“See you tomorrow Steve”

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I was thinking about how the really small things that happen to you in the sport of cycling can make a big impact on your ability to race a bike fast. Obviously, it takes a lot of mental strength to get to the top level of the sport. I never put much thought into the mental aspect of the sport. That was a big attraction of it for me. I enjoyed, and still enjoy, seeing how I personally deal with situations as they arise. And I like to observe how others handle adverse and critical situations too.

I was thinking about when I really knew that I had a shot at becoming a good bike racer. It was something that wouldn’t seem to be obvious, except to the person it changed.

I can’t tell you where I was or what the year was. I had to have been either 19 or 20. I had been traveling around the country doing all the best races I could get to. It must of been a race up in Wisconsin, maybe a Superweek race, or Wisconsin Milk race or maybe even Boul-Mich in Chicago. We had just finished a hard race and I was just riding back to the parking and Thomas Prehn came riding up and started talking to me. Thomas was already on the US National Team and I knew of him and of his results. He was very good. I was sure he didn’t know who I was.

I don’t remember what we were talking about or why he approached me to start with, we might of been in a break together, it doesn’t really matter. What did matter was when I turned off to go to my car, Thomas said, “See you tomorrow Steve.” I couldn’t believe that a guy like Thomas Prehn would have any idea what my name was. I was perplexed and thrilled at the same time.

I went back to the car and thought it about it and took a huge pride in knowing that he knew who I was. I knew at that time, I must have made some impression on him and that I was breaking into a new level of the sport. It gave me an inner confidence, really changed my perception of myself. One word, my name. It is strange.

Thomas and I went on to race against each other for the next 5 or 6 years until we eventually became team mates on the Schwinn team. We traveled around the country and the world together for 3 years. I got to know him well. I never told him this story. By the time we were riding together, we were peers and friends. And it didn’t really seem to matter. Now, looking back, it was a pivotal moment of my life. It might have happened anyway, some other obscure sign or way, but now looking back upon it, I’m glad that it was Thomas that said my name.

Thomas won the Professional National Road Race in 1986.

This is his hero card from when we were team mates.

7 thoughts on ““See you tomorrow Steve”

  1. BRUCE

    It is really interesting to hear a human side story to cycling.

    I was a competitive runner in the 80’s-90’s and while that may seem boring vs. cycling the runners were full of stories about how fast they ran, how fast they will run, their training….. After a non running injury I switched to cycling and was surprised by the lack of stories told. It seemed it was just a I’ll show you that I can beat you today. I even tried to get some of the past cyclist who were no longer racing to talk about racing and training but just didn’t get too many colorful stories. Runners you couldn’t get them to stop talking.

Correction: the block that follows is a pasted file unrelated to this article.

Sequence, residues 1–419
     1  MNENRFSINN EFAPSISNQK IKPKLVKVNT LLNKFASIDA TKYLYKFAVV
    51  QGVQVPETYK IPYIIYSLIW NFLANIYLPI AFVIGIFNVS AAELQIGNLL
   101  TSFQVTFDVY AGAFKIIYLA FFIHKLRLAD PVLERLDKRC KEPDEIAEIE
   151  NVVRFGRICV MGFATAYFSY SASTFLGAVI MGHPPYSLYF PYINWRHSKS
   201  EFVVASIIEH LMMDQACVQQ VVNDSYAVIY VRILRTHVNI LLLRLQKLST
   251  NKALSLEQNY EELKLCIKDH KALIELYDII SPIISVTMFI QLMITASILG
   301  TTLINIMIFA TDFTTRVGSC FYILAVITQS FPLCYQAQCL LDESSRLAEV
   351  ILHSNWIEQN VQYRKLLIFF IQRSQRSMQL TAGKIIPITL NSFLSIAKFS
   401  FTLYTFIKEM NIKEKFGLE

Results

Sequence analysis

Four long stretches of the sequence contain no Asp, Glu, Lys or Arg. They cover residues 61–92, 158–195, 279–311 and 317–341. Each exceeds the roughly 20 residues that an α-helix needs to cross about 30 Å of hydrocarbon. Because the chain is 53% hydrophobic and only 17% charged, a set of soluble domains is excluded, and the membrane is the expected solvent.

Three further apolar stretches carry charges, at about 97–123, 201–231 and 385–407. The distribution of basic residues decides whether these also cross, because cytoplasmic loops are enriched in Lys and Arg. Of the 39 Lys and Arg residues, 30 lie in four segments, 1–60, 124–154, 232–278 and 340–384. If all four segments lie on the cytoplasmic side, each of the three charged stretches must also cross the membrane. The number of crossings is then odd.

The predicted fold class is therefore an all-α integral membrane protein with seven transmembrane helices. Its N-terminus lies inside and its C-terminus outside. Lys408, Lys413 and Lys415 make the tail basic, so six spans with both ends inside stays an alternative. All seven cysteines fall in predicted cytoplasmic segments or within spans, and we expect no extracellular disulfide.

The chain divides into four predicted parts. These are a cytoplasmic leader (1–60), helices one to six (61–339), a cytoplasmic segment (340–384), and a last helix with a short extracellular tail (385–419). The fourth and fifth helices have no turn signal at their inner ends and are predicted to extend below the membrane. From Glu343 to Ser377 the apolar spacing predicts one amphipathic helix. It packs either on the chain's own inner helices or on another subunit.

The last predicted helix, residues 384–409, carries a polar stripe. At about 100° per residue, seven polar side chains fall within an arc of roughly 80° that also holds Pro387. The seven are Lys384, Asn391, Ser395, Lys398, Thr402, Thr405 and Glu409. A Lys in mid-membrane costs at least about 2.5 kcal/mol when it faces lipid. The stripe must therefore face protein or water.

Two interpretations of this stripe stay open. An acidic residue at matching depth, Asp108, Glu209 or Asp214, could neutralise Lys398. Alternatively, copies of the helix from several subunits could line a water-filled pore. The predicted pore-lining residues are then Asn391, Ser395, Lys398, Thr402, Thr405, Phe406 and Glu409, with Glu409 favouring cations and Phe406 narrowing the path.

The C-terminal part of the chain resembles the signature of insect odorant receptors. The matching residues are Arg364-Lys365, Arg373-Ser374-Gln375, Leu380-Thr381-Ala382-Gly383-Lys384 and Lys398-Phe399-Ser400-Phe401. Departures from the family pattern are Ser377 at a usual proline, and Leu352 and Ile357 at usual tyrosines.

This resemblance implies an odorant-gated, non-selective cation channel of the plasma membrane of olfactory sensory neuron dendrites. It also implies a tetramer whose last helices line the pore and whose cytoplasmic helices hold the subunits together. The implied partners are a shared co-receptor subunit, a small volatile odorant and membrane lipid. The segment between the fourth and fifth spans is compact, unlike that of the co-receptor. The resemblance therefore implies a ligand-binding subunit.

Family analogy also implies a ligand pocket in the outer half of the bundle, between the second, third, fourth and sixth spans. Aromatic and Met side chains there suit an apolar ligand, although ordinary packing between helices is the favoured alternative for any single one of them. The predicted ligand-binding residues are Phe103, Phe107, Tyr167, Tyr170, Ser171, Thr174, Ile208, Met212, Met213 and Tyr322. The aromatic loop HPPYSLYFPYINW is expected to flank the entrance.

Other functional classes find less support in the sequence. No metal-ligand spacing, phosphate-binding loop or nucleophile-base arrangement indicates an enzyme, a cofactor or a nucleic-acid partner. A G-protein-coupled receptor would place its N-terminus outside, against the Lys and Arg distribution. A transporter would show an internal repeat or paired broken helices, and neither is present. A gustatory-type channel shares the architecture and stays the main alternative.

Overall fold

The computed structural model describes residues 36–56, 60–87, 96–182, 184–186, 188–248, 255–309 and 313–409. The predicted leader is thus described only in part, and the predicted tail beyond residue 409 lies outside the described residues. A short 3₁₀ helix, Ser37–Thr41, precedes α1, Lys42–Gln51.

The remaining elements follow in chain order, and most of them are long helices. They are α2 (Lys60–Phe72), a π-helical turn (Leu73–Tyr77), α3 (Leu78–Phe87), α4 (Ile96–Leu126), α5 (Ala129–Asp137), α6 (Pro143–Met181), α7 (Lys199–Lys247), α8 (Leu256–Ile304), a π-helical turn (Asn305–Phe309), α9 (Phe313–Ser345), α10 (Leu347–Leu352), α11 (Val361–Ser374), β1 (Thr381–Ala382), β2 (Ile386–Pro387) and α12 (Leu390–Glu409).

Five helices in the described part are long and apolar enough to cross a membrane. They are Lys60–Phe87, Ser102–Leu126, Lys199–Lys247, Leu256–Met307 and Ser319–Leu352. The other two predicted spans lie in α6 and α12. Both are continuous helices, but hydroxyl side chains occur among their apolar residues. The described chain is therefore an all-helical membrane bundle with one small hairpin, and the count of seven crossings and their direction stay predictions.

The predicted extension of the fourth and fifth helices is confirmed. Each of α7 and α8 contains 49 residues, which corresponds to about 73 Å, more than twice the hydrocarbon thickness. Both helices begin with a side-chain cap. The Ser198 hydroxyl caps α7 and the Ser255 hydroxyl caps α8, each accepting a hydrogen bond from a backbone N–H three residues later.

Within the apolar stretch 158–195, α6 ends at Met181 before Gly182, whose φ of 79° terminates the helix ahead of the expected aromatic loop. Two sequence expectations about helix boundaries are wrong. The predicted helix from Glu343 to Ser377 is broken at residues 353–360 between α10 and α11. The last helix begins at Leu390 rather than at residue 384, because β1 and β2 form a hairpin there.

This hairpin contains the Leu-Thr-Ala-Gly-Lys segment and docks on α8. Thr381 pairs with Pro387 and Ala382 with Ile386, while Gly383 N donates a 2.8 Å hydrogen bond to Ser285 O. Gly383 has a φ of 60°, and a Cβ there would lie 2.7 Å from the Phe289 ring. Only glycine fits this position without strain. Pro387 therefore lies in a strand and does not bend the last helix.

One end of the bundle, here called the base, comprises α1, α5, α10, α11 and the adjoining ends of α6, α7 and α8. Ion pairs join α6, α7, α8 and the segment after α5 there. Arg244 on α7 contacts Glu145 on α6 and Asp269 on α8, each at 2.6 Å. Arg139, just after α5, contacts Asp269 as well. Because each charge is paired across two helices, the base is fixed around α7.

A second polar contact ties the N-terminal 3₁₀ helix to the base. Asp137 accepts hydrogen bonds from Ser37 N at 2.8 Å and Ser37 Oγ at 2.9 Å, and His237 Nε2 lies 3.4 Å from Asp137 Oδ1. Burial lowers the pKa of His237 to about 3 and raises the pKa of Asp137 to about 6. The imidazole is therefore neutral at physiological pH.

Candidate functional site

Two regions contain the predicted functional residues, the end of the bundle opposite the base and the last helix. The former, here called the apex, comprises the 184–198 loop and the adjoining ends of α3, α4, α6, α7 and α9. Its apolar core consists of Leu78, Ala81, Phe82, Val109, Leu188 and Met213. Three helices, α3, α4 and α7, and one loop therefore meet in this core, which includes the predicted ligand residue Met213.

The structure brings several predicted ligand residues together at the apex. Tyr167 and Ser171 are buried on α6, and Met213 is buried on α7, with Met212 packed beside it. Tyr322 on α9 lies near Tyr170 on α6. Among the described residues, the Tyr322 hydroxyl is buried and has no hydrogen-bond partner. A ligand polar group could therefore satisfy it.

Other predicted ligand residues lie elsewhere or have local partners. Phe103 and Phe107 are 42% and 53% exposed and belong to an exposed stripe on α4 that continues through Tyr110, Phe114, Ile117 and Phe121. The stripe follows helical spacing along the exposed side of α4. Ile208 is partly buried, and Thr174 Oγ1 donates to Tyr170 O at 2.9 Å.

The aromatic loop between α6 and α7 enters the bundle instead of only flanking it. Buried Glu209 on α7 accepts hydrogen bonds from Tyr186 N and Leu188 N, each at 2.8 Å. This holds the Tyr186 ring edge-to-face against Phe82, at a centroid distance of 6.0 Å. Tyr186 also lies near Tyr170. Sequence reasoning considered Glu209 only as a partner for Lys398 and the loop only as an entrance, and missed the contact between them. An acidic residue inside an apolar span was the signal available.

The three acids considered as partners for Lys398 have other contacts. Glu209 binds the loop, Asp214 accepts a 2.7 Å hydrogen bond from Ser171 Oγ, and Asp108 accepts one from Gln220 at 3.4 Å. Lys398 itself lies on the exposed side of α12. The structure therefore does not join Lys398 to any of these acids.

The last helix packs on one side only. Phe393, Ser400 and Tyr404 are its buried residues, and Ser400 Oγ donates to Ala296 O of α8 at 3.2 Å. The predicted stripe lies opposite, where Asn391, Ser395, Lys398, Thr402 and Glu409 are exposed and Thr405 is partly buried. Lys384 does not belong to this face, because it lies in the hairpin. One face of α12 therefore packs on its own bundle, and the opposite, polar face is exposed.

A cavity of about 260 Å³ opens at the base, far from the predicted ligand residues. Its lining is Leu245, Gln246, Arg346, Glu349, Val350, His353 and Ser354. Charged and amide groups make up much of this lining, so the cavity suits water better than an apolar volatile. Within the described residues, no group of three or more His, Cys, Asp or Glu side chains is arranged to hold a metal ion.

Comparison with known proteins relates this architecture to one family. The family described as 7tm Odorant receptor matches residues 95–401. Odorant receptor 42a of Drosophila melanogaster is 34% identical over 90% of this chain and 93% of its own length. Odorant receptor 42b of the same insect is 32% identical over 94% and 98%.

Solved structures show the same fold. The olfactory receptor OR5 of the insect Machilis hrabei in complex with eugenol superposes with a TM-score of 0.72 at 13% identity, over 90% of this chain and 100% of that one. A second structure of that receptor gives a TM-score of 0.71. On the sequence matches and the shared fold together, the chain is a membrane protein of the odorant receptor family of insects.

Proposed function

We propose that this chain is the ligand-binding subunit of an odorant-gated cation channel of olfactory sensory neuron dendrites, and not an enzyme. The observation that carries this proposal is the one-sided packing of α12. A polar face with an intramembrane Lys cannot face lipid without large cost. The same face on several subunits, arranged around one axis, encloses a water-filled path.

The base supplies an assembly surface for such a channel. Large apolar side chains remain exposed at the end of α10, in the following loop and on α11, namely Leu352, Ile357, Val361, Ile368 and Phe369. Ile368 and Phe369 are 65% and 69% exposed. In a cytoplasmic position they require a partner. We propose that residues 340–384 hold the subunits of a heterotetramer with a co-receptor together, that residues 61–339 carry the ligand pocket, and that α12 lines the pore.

2. channel_zero

    BTW, look at all the people in that finish line shot you have of Mr. Prehn. How many USA Cycling events can come up with a crowd like that in 2012?

  3. TerrtT

    Channel.zero, I remember my races from the late 70’s and most of the 80’s with Hugh crowds lining the course, Capital Crits in Madison and Iowa city, Snake alley, Quad City, Old St. Anthony, Philly, Nevada City the list went on and on. Watching my son, only races like that now, Tulsa? Dana Point? Pretty good turn out for Tour of Calif, and Colorado but nothing like Red Zinger/Coors. The year Lance, Levi and Chris Horner raced Nevada City reminded me a little of the Greg Lamond and John Howard years.

  4. Ken Webb

    The best I ever got was an “I like your shoes” from Wayne Stetina at the ’75 Tour of KC, as I walked by with my new green and yellew Nikes. Loved those shoes, and as a 15 year old kid, it made my day.

    Steve, had I known you were destined for cycling immortality, I would have had a greater appreciation for getting my butt kicked by you at the time.

  5. Channel 11

    @ Channel Zero, that’s because USA Cycling in its current structure is full of retards who don’t care about the growth of cycling in the US.

  6. Redzing

    Cycing in the 1980s in the U.S. was a huge deal. Huge crowds would come out for even medium sized events. Perhaps the appeal has worn off a bit these days. . . . I think partly to do with its lack of novelty. Having been a competitor and fan for 28 years, I know the novelty has certainly worn off for me, and I kind of think competitive cycling is on a downward trend in the U.S. and may fade into obscurity once again–which would be OK.


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